The probabilities you assign to success in future endeavors also determine how likely you are to pursue them in the first place.
Almost nobody is willing to risk anything of value on an impossible project. If you believe that entrepreneurial success is impossible, you’ll keep your startup idea to yourself while you grind away at your office job.
Stepping outside the box won’t just feel scary – it’ll feel futile, pointless, and embarrassing.
And it’s not just ourselves we’re influencing. Our words are contagious – they spread to our friends and loved ones.
If we suggest something is impossible, our friends remember that. The next time we ask for advice, they’ll steer us according to the boundaries we’ve set.
Perhaps more importantly, our words impact their lives. How many times have you offered direction to a friend considering a new job or debating a breakup?
Your friends probably don’t listen as often as you’d like, but I bet there are a few things you’ve convinced them to do (or not do) based solely on your advice.
That’s why people say you’re the average of the five people you spend the most time with. If you plow into difficult domains, your friends will realize they’re not impossible and will push their boundaries.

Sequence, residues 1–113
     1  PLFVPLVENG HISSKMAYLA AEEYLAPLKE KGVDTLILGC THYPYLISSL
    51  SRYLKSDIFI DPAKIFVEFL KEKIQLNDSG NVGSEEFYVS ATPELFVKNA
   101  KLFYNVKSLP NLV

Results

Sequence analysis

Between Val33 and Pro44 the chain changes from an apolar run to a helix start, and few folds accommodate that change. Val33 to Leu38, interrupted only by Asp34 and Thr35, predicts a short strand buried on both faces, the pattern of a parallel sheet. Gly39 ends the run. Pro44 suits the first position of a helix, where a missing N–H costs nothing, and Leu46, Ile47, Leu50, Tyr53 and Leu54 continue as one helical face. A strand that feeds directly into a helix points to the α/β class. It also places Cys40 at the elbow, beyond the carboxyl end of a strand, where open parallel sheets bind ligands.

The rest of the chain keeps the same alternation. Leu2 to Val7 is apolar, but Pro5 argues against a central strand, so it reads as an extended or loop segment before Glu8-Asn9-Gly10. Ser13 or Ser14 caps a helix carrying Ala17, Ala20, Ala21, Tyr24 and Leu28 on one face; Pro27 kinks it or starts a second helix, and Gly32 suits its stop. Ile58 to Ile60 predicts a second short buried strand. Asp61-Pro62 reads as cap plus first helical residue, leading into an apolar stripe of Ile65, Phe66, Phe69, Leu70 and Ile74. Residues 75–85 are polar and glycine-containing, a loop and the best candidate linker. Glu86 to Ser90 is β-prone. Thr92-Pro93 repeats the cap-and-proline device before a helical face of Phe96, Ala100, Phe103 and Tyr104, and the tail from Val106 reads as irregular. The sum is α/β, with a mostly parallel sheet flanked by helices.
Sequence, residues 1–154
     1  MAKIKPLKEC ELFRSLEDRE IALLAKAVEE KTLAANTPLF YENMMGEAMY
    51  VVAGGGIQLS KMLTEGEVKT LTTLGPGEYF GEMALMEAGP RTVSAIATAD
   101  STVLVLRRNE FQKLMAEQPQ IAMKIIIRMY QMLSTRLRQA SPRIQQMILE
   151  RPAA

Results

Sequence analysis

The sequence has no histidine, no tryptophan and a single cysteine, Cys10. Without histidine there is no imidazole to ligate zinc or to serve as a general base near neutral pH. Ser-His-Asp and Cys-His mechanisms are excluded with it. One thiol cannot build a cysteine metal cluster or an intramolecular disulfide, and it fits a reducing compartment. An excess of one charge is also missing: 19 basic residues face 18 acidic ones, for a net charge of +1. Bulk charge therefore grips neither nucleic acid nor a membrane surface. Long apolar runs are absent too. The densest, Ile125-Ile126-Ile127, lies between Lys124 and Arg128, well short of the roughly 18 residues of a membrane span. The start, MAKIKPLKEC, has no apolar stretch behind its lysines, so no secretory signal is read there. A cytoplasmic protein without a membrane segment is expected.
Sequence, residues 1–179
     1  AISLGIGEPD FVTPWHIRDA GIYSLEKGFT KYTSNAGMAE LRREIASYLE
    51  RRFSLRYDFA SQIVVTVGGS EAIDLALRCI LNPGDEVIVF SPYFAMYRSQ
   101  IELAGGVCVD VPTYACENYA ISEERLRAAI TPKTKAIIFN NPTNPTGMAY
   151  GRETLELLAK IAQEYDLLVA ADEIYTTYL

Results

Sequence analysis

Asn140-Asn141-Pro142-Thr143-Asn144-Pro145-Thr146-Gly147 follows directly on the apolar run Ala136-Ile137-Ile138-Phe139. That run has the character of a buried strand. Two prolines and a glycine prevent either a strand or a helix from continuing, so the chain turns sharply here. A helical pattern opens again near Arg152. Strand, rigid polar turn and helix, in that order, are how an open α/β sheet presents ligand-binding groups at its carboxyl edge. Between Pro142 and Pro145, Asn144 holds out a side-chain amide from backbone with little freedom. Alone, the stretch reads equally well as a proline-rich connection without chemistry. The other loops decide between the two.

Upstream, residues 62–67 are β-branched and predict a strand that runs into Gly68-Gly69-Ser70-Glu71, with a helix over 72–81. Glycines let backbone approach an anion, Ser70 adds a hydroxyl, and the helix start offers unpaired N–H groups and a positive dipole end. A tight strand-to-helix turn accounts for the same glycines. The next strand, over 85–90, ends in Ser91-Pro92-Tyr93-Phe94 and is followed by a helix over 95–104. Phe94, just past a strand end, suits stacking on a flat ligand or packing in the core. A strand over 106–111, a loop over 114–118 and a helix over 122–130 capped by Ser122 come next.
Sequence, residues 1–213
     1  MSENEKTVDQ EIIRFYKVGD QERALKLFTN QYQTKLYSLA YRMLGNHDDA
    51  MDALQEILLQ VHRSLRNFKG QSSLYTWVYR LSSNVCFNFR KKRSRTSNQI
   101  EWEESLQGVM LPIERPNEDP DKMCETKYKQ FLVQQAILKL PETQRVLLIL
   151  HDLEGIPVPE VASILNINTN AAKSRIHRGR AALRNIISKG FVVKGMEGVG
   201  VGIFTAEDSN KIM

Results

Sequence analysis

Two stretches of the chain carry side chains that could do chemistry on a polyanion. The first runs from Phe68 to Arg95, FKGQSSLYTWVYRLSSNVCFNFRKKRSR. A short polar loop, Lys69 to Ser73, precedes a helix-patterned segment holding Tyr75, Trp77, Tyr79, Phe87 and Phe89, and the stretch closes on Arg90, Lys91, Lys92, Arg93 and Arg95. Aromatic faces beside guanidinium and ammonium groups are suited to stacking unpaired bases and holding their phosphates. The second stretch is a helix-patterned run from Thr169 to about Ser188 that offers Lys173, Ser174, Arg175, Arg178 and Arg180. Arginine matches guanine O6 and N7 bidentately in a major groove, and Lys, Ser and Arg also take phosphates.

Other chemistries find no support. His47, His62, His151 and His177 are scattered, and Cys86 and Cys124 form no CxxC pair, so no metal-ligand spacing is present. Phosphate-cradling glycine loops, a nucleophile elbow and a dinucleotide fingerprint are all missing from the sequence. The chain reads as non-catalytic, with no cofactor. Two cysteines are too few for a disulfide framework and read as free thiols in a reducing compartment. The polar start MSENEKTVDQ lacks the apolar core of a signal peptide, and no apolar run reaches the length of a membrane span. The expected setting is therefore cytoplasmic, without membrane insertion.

On the other hand, if you believe difficult things are impossible, the contagion may spread to the entire group.
A reminder worth keeping
An uncommon life requires frequent, careful parsing of real-world probabilities.
Take, for example, the oft-cited statistic that 9 in 10 restaurants fail. If we agree with this statistic (I have no idea where it’s from), it seems success for any individual new restaurant is unlikely.
Still, most of us look at that statistic and say, “restaurants are bad businesses to start.” We believe starting a successful restaurant is impossible, though the statistic tells us that isn’t true – 1 in 10 restaurants succeeds.
And what if you’ve worked in restaurants your whole life, learning customer preferences and management strategies inside and out? What about a serial restauranteur – are the odds better if this is your third try?
When you dissect even the most damning statistic, the odds of success are usually better than you’d think. If the odds of success are low, they’re still not zero. That’s worth remembering.
But it’s tough to keep this in mind. Our brains like binaries – black and white, go or no-go, easy or impossible.
The real spectrum is far more nuanced.
Because this stuff is hard to keep straight and our brains are unconscionably lazy, we could all use a reminder of what these words mean in practice.
To that end, I’ve compiled a list of things people commonly call “impossible.” It turns out most of what we call impossible is merely difficult.
I find this table a happy reminder of how little is actually impossible. Maybe you’ll find it useful, too.
If you’d like a PDF version, submit your email here, and I’ll send it over.